Ohio History Journal

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[General Henry Beebee Carrington is one of the very few su

viving generals of the Civil War.  He has led a distinguished ar

eventful life. Born in Wallingford, Conn., March 2, 1824, he is now

the age of eighty-six, hale and hearty; a writer of clearness and precisio

and a speaker forceful and entertaining. He graduated at Yale (1845

and in November, 1848, arrived in Columbus to there take up his pe

manent residence. Of his entrance into the Capital City he notes in h

own language that it was "travelling by stage from Cleveland to C

lumbus over the Loudonville hills, being met all along the way by th

call 'Who is Governor?' and that the election of Seaberry Ford as Go

ernor was not settled until after my arrival in Columbus, you will se

the initial point from which my Columbus experience underwent varie

and unusual vicissitudes." Immediately after his arrival in Columbus,

began the study of law, was admitted to the bar and practiced his pro

fession until 1861, during the most of which period he was the la

partner of William  Dennison, the first war governor of Ohio. M

Carrington was Adjutant General for the State (Ohio) from 1857 to 186

At the outbreak of the war he organized many of the first regimen

sent out by Ohio; became colonel of the 18th U. S. Infantry; had

distinguished record as commander, participating in many of the in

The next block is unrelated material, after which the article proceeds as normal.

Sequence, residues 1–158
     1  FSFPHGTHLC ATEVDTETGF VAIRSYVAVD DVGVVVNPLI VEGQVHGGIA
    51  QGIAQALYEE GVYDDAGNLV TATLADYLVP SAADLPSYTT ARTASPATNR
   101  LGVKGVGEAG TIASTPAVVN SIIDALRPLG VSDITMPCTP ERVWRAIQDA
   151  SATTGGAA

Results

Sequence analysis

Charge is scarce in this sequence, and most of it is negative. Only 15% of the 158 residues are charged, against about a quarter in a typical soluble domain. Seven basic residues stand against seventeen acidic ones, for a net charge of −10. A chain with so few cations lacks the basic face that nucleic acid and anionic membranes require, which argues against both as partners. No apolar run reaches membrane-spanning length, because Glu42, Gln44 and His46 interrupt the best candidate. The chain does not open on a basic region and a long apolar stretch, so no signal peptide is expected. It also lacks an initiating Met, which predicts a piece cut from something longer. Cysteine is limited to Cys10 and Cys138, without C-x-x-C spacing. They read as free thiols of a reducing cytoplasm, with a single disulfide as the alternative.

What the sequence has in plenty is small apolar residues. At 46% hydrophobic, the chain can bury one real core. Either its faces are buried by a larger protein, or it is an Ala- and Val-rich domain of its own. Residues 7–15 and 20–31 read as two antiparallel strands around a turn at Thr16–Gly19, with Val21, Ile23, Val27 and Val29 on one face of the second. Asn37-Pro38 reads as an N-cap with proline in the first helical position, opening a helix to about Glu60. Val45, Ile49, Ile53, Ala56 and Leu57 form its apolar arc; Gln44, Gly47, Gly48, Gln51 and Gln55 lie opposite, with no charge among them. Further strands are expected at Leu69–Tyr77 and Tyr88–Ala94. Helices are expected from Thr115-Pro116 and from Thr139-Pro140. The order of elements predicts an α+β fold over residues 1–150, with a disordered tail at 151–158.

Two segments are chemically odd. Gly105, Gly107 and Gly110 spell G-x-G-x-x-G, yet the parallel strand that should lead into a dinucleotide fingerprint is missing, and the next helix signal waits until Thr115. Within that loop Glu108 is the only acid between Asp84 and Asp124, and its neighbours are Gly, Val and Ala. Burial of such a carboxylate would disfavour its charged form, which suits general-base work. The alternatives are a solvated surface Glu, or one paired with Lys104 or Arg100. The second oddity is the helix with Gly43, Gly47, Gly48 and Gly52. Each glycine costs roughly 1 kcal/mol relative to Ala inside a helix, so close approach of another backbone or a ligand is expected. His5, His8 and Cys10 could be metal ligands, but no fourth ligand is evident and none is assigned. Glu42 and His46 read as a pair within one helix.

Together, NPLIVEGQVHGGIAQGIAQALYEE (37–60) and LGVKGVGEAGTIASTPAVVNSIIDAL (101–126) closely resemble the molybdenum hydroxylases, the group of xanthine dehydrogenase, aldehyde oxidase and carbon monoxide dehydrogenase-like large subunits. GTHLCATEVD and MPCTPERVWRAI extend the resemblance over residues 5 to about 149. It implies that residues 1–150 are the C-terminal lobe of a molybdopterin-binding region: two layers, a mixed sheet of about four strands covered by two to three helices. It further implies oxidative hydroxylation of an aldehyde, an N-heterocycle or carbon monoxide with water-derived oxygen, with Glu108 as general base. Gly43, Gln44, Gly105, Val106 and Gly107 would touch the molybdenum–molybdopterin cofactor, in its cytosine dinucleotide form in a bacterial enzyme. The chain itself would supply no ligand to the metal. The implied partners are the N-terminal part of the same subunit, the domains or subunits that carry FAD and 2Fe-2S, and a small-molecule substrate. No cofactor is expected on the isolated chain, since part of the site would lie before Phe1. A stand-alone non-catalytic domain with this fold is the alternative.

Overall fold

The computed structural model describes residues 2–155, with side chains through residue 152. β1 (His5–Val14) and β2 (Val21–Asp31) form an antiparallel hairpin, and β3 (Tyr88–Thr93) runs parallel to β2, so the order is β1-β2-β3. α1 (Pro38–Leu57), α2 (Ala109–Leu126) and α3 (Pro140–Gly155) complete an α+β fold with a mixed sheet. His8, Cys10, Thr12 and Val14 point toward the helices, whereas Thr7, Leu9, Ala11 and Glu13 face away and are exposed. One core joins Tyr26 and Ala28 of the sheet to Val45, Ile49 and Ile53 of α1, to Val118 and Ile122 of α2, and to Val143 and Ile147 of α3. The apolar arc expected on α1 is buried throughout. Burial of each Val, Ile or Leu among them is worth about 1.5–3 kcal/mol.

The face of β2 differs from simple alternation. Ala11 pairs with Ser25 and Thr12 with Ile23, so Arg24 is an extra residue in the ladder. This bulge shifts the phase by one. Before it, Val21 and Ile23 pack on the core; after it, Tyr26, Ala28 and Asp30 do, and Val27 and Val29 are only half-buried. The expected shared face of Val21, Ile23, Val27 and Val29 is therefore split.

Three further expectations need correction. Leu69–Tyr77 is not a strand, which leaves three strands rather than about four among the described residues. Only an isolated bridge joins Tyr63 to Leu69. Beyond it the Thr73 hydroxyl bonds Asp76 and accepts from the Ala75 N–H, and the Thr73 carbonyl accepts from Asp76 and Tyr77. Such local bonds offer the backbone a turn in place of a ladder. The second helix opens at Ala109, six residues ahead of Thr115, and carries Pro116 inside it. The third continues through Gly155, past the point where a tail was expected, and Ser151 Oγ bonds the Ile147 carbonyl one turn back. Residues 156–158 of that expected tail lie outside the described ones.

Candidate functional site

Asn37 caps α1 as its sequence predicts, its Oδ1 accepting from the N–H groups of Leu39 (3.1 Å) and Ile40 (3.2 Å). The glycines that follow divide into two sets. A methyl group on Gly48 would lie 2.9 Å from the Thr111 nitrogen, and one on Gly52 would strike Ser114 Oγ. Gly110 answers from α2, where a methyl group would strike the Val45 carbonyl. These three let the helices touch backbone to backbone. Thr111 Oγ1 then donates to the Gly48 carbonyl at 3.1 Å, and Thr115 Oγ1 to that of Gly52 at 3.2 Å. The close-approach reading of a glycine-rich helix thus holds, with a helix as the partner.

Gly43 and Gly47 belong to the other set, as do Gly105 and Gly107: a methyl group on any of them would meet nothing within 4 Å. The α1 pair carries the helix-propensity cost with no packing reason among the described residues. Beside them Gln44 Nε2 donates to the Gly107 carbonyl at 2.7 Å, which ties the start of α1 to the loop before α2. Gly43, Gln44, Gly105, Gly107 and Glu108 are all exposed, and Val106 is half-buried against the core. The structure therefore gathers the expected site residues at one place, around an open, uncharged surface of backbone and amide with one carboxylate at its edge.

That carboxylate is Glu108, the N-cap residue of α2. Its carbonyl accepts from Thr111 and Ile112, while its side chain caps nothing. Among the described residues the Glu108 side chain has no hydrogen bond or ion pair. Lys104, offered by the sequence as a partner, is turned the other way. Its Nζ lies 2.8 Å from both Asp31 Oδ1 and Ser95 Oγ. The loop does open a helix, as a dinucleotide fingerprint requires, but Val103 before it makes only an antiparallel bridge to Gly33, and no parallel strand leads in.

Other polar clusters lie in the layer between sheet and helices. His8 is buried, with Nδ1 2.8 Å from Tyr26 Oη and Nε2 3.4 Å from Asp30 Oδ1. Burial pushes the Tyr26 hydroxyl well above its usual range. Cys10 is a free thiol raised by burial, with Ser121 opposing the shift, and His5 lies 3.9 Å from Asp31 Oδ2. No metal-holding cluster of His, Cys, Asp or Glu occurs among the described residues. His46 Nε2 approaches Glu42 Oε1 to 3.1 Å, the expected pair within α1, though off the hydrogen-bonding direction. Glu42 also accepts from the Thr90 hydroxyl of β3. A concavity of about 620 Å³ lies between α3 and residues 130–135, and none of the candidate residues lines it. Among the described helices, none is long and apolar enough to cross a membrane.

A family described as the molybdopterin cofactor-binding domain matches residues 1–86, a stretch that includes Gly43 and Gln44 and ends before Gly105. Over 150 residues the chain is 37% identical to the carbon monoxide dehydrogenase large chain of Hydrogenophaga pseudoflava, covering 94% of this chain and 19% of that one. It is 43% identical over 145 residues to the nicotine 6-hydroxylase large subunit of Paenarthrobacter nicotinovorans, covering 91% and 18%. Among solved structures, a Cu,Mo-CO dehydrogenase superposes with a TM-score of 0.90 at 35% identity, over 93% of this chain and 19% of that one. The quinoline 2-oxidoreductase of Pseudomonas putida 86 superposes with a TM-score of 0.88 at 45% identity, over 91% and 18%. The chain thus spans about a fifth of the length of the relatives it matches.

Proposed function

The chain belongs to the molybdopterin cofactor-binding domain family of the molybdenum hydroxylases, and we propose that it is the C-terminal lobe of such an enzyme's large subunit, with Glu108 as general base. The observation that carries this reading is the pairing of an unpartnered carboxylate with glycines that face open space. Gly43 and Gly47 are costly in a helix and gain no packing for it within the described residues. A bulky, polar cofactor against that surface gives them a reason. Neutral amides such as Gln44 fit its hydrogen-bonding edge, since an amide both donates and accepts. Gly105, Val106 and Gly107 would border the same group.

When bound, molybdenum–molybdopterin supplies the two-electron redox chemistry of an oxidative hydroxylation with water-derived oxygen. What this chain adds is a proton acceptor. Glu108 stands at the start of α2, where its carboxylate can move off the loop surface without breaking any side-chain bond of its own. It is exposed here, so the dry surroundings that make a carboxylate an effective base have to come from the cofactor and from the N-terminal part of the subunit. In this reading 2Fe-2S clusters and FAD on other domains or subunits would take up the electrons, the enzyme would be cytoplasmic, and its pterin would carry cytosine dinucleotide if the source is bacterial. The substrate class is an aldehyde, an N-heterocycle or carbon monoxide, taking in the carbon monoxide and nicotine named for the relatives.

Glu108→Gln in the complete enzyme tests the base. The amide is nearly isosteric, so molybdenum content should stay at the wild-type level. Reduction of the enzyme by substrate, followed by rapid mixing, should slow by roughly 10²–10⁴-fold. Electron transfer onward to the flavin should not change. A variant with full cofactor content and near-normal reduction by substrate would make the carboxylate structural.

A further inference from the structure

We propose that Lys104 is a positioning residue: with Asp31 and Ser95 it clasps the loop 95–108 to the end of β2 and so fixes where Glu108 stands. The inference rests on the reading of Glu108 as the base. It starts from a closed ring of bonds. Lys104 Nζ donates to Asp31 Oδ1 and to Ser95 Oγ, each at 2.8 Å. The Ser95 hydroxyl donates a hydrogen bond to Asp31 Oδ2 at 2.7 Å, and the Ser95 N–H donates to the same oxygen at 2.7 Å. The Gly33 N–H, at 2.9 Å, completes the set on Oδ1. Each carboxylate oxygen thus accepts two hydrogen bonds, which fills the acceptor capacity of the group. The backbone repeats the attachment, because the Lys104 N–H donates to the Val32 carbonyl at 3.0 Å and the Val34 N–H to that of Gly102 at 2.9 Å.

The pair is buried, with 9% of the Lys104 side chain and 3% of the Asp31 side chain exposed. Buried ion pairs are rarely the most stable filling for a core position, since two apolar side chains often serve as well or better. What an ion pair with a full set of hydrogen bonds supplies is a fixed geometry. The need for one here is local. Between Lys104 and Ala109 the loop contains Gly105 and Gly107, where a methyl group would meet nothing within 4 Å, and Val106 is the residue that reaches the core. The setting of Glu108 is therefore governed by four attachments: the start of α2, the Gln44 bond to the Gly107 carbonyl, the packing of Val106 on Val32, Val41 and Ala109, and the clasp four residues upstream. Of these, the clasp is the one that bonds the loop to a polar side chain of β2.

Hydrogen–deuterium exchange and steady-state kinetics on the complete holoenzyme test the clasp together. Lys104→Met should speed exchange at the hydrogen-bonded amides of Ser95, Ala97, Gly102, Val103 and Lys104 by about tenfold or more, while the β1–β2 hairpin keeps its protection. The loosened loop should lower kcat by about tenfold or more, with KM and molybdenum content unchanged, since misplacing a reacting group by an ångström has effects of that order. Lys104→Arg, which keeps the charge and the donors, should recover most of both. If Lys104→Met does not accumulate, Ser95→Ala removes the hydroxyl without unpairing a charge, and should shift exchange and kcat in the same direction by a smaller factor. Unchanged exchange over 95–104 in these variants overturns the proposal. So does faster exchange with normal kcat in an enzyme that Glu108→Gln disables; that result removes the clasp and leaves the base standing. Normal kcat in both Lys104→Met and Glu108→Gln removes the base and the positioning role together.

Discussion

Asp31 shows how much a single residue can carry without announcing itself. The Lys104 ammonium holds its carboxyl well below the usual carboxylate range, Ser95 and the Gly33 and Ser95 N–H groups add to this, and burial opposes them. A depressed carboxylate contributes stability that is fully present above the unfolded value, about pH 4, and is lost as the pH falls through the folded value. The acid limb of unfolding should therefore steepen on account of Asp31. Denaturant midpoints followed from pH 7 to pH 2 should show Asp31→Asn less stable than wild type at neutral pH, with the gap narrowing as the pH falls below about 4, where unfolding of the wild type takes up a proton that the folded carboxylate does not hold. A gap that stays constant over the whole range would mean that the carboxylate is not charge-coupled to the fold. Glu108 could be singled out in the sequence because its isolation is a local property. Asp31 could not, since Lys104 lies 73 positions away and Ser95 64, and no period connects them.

portant battles and emerging from the conflict as a brigadier-genera

In 1875 he was granted access by the governments of both Great Brita

and France to all archives pertaining to the American Revolution;

surveyed and mapped all the battle-fields of the American Revolution, t

result of which was the most complete and authentic work on the revol

tionary battles ever issued. He served the United States government

many important capacities, as, in 1889-91, moving the Indians throug

Missoula across Mission Ridge range of the Rocky Mountains to Jock

Reservation, Western Montana; later, under direction of the United Stat

government he made a detailed census of the Six Nations in New Yo

and the Cherokees in North Carolina. General Carrington has been a pr

lific writer, something like a dozen volumes on American history, politic

etc., emanating from  his pen. He is now a resident of Hyde Par

Mass., and the article which herewith follows, recounting an interestin

incident in the visit of General Winfield Scott to Columbus, is from a

address delivered by General Carrington on the evening of his 86

birthday before the Massachusetts Commandery of the Loyal Legion

at its Spring Meeting in Boston, March 2, 1910.-EDITOR.]